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Poll number Preference Poll for Third Game Courier Tournament. Sign up for the 3rd Game Courier tournament by voting in this poll.[All Comments] [Add Comment or Rating]
Eric V. Greenwood wrote on 2007-06-18 UTCExcellent ★★★★★
Hi Jeremy!
 Please call me-I am offline, and your phone # is not working.  I am at 
(813) 654-4165.
  If anyone else has a way to reach Jeremy, please pass this message on to
him. Or if anyone wants to contact me about any of my Variants, leave a
message w/ name and #. If i am home, i will answer, otherwise i will call
back.


    Eric V. Greenwood

  P.S. thanks to my friend Chris for allowing me to get this message out! 
:)

Fergus Duniho wrote on 2006-09-07 UTC
Results changed after I deleted Roberto Lavieri's ballot. They will change again if anyone else drops out before I get the tournament started.

carlos carlos wrote on 2006-09-06 UTC
huh? that list has changed!

Christine Bagley-Jones wrote on 2006-09-06 UTC
me too, because it is listed below :)

carlos carlos wrote on 2006-09-06 UTC
wow, i'm surprised pocket mutation chess missed out.

Greg Strong wrote on 2006-09-03 UTC
Only 5 hours left. Any last signups or vote chanages? I like the selection of games, but I do wish Grand Shatranj D was doing better.

Fergus Duniho wrote on 2006-08-10 UTC
Some time after Labor Day.

Jeremy Good wrote on 2006-08-10 UTC
When will the third game courier tournament actually begin?

Fergus Duniho wrote on 2006-07-20 UTC
As long as Switching Chess doesn't have a preset that enforces rules, it is likely that the situation will be the same as last time, with individual pairs of opponents deciding which rules to follow. My own preference is for Greg Strong's suggestion that a King may not switch when in check, but I am in favor of letting Tony Quintanilla, the game's inventor, rule on which rules should be followed.

Fergus Duniho wrote on 2006-07-20 UTC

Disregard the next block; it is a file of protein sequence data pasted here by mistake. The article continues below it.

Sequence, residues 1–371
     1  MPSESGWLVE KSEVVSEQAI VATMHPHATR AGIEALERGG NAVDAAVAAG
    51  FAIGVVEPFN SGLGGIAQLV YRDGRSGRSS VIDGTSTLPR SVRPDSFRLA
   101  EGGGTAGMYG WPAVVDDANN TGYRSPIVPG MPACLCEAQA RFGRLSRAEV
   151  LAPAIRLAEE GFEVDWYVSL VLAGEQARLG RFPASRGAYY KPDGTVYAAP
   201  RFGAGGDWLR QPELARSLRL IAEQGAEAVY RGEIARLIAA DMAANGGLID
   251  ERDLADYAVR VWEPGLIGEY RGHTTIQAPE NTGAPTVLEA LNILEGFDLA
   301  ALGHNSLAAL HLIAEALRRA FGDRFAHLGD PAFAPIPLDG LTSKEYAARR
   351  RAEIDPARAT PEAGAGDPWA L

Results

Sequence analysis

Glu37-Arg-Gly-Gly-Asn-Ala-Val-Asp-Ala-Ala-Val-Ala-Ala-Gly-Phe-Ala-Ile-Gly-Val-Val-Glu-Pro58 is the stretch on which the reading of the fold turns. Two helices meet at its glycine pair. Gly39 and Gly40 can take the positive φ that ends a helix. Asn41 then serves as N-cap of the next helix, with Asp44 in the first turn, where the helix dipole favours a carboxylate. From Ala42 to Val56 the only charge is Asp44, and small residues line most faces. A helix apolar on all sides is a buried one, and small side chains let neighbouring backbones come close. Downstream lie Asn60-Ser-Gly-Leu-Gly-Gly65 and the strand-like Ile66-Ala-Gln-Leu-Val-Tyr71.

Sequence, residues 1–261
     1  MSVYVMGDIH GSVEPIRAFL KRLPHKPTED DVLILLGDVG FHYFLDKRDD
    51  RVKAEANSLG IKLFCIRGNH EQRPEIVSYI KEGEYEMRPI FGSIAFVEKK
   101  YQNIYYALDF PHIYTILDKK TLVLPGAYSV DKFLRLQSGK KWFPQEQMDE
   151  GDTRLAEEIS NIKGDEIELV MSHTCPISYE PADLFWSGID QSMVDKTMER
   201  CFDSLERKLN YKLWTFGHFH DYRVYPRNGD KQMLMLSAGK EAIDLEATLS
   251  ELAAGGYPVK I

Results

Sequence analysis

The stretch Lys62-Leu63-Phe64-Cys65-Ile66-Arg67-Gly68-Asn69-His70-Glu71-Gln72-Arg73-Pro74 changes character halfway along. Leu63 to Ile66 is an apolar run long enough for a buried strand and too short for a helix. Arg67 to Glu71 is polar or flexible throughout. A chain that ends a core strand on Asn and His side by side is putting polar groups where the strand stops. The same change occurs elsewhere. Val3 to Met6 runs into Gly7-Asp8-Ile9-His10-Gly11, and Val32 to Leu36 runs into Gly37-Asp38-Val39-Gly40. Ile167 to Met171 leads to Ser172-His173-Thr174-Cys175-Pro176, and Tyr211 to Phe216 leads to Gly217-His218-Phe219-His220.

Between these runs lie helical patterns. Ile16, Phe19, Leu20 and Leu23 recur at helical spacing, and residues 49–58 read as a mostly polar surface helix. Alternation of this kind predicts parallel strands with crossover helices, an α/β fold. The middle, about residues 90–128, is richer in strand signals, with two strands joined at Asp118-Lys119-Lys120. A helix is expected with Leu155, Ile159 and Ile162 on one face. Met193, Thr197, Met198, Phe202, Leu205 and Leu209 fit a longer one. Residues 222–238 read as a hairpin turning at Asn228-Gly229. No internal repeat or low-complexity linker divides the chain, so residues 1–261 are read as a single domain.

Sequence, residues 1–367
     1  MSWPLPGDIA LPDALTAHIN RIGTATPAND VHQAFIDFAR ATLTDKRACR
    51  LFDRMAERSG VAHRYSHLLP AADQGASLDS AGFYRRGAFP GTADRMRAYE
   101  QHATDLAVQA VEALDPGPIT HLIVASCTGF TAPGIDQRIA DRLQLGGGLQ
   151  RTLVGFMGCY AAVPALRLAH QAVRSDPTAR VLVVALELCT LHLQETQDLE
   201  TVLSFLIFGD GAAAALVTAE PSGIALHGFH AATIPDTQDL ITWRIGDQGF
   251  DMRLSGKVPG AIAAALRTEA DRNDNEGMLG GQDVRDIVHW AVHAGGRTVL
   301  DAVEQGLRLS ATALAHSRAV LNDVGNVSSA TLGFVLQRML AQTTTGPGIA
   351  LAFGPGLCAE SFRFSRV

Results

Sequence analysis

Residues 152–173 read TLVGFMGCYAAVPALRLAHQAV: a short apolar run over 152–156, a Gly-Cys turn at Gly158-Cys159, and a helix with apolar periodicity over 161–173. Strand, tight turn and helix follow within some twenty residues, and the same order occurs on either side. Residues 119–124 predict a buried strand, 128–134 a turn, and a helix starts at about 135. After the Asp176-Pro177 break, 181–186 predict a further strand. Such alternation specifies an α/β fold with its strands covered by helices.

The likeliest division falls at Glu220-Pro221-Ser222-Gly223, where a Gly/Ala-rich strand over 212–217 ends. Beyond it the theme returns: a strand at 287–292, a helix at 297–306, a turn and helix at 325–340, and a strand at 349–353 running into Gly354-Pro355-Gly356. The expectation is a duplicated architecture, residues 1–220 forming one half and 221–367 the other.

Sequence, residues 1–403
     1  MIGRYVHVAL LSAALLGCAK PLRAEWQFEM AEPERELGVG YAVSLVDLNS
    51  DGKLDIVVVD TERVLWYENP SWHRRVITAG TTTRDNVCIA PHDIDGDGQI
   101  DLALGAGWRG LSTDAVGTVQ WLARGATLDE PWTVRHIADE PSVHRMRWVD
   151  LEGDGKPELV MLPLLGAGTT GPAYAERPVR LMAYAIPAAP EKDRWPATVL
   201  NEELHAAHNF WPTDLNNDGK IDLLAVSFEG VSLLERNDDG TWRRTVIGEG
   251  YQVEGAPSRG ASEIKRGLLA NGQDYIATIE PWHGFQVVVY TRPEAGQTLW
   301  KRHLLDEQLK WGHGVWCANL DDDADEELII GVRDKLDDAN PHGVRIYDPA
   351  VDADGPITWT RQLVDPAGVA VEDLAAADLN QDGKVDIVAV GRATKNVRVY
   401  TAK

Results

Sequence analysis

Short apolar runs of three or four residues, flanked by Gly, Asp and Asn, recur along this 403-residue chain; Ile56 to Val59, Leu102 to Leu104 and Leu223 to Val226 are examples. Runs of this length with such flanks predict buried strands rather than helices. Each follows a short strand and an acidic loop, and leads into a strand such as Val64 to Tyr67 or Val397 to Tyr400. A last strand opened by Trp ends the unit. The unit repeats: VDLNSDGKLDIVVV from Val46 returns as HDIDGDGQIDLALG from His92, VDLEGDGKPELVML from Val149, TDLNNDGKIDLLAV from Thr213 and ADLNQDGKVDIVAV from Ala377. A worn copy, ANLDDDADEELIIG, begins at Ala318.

Mir Chess and Joe Joyce's various Shatranj variants are all ranked low right now, and I think this could be mainly due to a desire among the voters to not let in too many games that are very similar to each other. I think their best chance is to throw their lots in with related games. This is not about similar games competing with each other. All the games are already competing with each other. This is about a prisoner's dilemma type of situation in which certain games may increase their prospects by throwing their lots together into a common pool. When each game is on its own, and some games are closely related, some voters will vote for one and penalize others to prevent the whole group from getting in. When only one member of the group is allowed in the tournament, then the motive for penalizing some related games is not there, and all the related games are likely to get higher rankings, increasing the chances that one will get in. Since Joe Joyce doesn't want Modern Shatranj to hurt the chances of Mir Chess getting in, what I will do is group Joe's Shatranj variants together. This will help increase the chances that both David and Joe will get one of their games into the tournament.

David Paulowich wrote on 2006-07-19 UTC
[Mir Chess 32] will be my choice for 'best variant with elephants', if I ever get around to voting in this poll. I followed the somewhat unusual design course of starting with FIDE Chess and moving back in time, looking for weaker, more primitive, pieces.

[Modern Shatranj] is my second choice. Joe took the opposite design course of starting with Shatranj and moving forward. All things considered, I am willing to go along with the proposal by Fergus to group this game with my Mir Chess variants.

[Mir Chess 36] is my third choice - originally an attempt to squeeze most of the Shako pieces onto an 8x8 board.

[Shako] therefore becomes my fourth choice. Judging by the latest poll results, Shako may well be the only one of these four games to make it into the tournament. While I still have some misgivings about playing with short range pieces like elephants on a 10x10 board, I also believe that it would be an interesting game to play.


Gary Gifford wrote on 2006-07-19 UTC
In regard to Switching Chess, if played in the tournament will it be up to
the players (of their specific game)to determine which switching rules apply?  For example:

1. King in Check can switch
2. King in Check Cannot Switch
3. Pinned piece (pinned to King) can switch
4. Pinned piece (pinned to King) cannot switch

Thank you

James Spratt wrote on 2006-07-19 UTC
Who WAS that Masked Man? (Da-da-lump, da-da-lump, da-da-lump-lump-lump! An' a mighty Hiyo, SILVER!!!)

Joe Joyce wrote on 2006-07-19 UTC